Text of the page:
Among other things, the New-Pärnu Town Council records book covering the last decades of the 16th century, which falls into the era of Polish rule in that region, contains numerous court cases involving town residents. A significant portion of cases that were brought before the magistrates’ court or the bailiff’s court in New-Pärnu at that time involved the question of honour. More precisely, they were motivated by the wounding of personal honour. This is an indication of how important the preservation of one’s honour and good reputation was for people of that time. The unquestionable importance of honour is reflected in the many various medieval and Early Modern regulatory sources, such as town privileges, civic regulations, skras and other such documents. At the same time, court records bring to light people’s immediate attitude towards honour as well as the rules and regulations associated with it. This article closely examines court cases concerning questions of honour in New-Pärnu during the last decades of the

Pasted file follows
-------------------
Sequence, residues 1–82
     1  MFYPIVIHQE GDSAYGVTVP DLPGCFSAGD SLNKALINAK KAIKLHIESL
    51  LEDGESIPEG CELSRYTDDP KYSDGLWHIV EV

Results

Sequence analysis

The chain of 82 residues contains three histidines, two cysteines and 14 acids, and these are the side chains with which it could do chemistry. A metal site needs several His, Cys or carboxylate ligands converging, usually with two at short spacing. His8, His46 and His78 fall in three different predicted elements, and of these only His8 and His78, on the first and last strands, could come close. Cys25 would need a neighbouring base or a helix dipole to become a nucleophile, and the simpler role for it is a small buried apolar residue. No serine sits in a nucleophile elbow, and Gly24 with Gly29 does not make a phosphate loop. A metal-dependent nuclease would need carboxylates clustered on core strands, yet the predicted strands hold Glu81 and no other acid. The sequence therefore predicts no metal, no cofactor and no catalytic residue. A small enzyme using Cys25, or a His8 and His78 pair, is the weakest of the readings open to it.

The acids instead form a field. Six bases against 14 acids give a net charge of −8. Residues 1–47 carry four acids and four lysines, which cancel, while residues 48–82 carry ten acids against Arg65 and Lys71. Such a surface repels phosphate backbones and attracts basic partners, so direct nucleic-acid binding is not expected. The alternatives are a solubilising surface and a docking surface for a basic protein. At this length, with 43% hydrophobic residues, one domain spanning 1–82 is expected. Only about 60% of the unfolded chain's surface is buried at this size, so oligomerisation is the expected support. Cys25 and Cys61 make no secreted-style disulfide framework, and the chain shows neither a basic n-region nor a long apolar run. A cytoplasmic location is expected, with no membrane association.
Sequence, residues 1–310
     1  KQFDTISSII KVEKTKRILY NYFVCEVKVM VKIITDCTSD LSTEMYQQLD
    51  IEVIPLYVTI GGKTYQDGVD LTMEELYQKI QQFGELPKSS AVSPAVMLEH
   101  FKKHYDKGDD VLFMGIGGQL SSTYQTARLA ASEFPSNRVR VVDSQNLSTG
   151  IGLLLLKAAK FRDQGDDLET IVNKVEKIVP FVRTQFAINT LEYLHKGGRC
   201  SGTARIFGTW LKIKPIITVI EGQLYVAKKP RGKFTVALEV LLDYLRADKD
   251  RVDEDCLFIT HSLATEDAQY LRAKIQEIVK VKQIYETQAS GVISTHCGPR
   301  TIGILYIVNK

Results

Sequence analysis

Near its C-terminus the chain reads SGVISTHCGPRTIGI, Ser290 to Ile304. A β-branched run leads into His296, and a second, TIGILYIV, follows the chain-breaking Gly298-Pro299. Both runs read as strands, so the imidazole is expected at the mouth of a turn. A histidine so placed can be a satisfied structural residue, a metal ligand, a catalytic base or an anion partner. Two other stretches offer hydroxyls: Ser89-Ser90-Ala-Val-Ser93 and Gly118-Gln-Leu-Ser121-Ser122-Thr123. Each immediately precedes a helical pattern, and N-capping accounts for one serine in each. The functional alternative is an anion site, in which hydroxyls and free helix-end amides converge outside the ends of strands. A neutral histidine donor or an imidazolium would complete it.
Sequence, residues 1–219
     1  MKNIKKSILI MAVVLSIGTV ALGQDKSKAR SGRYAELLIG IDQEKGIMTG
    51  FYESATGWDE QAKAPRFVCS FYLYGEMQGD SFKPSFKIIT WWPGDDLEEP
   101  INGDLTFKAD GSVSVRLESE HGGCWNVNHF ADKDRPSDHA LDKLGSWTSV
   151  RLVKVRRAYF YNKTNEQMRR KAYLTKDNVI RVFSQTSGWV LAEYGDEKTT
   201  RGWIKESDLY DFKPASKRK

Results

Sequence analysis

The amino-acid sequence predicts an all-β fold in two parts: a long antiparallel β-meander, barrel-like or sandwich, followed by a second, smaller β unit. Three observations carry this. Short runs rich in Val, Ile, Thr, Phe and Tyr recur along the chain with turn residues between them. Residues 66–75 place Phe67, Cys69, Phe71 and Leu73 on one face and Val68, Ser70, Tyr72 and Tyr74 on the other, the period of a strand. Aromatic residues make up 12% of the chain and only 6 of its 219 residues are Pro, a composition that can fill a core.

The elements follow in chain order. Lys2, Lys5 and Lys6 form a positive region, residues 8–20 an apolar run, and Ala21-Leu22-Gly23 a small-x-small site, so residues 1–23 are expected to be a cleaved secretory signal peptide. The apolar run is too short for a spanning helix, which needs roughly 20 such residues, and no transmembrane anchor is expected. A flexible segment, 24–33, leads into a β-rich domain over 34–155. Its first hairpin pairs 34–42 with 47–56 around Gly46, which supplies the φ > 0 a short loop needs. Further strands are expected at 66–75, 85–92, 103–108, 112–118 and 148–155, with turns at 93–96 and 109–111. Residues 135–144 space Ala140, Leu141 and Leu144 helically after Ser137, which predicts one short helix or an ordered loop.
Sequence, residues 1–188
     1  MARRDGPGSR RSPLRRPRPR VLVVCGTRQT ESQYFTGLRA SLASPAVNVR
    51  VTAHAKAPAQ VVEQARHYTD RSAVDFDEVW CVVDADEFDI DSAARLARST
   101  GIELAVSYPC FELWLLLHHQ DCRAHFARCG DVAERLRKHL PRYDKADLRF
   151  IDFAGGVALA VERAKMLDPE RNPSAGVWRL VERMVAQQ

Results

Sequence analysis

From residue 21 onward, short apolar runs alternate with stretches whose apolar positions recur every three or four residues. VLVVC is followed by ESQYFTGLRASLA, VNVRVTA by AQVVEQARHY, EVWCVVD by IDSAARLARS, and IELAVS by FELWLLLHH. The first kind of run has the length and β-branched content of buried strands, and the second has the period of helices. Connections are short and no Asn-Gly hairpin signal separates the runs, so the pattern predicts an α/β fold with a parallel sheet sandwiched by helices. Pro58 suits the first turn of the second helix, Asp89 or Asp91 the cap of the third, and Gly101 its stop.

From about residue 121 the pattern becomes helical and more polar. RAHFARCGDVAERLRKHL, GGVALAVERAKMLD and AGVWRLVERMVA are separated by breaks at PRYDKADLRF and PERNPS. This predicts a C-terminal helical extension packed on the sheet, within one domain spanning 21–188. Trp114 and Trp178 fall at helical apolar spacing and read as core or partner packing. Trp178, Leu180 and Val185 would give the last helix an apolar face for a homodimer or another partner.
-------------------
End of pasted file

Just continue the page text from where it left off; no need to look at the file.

16th century. The primary question is what were the typical cases of wounding honour like, in other words how was a person’s honour wounded and how were the conflicts that arose from such instances resolved. Yet what these court cases from New-Pärnu have to say about the broader meaning and importance of honour and dishonour in town society are of no less interest.
The supreme sensitivity of people in questions of honour is vividly expressed in the New-Pärnu town council records from the end of the 16th century.